There have been countless amusing moments during the hearing since the first day of the trial. For example, Alejandro Romero, a front desk employee at the building where Depp and Heard lived, came before the judge via video conference, and while giving his testimony, he managed to create amusement from the court as he vaped and drove during the hearing.


A few days ago, another amusing scene from the trial surfaced when social media users claimed that Heard posed for a selfie while sobbing during her evidence. While the viral video shows Heard halting, it's difficult to determine if it was on purpose. Part of all this fury might be attributed to Depp’s and Heard’s respective positions within some distinctively toxic internet subgroups. In words of a popular reddit post “Basically a lot of boring men think Johnny Depp is cool, [Zack] Snyder fans think Amber Heard’s issues with Depp have impacted the release of DC movies, Harry Potter adults are mad that Depp was removed from the Fantastic Beasts franchise after he was accused of domestic violence"



On Twitter, earnest posts about Depp abound with the hashtag #BelieveMaleVictims. The National Domestic Violence Hotline estimates that one in seven adult men in the US has been the victim of intimate partner violence, but says that men are less likely than women to report their abuse or seek out help. Supporters of Depp argue that his willingness to identify as a victim of domestic violence is a powerful gesture towards breaking that stigma.


“One can only hope that public attention surrounding the Depp trial will impart the importance of protecting oneself and believing male victims, too,”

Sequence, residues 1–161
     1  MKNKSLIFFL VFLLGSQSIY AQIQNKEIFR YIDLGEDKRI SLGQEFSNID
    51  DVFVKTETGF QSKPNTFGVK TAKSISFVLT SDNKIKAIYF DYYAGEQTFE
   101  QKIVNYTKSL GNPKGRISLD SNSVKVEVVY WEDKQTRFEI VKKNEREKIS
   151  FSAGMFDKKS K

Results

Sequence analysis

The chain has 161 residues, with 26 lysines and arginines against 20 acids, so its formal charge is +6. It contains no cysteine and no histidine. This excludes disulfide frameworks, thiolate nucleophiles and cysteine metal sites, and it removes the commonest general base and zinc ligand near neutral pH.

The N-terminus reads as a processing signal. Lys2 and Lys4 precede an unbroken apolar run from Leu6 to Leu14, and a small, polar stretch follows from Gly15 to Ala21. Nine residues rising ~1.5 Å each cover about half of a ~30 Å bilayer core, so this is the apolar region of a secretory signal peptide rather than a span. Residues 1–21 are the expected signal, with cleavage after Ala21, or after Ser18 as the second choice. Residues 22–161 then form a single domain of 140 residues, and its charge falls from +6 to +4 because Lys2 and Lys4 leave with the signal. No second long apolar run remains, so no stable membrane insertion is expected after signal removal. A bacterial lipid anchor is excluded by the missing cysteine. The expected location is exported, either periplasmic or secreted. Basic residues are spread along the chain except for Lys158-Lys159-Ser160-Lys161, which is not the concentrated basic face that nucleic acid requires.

The culture has spent decades admiring Depp’s talent and beauty and charisma, and all of that admiration doesn’t just go away now. Depp’s fans have made a powerful emotional investment in him, and many of them are willing to leap on any little moment of ambiguity in this case as proof of Depp’s innocence. In a trial this messy, there are a lot of ambiguities.


This is my biggest concern about this case, and I think it's something that's really gotten lost in the sensationalism around the trial, Right now, [Depp's] team is alleging that if a woman comes forward and identifies as a survivor in public, that that could count as defamation. Both Johnny Depp and Amber Heard admit that there was violence in this relationship. The question is whether or not there should be consequences for that violence. And that's the fight we're having in public right now.


we expect that victims fit a specific mould. We call it the perfect victim trope. And often we confuse victims' self-defence as a form of aggression. And this is really common in cases like this, where perpetrators will claim that they are the true victims. They do something that psychologists call 'DARVO.' 'DARVO' is an acronym that stands for Deny, attack and reverses victim and offender. And we're seeing it on display really clearly in this case, where Johnny Depp is denying — not that he was violent, he actually is still admitting that there was violence coming from him in this relationship. But he's denying that Amber Heard's story of it is trustworthy, and instead of saying that she drove him to violence.


In the end, perhaps that’s what’s most damning about the larger conversation around this trial: the inability to handle the ambiguities. Faced with a portrait of a relationship in which there’s compelling evidence of violence and toxic behavior on both sides, our culture seems unable to accept that we may simply be looking at a story without heroes. Instead, we demand a tidy narrative with a heroic redemption arc — and if the hero is a beloved, charismatic, and powerful white man, well, all the better.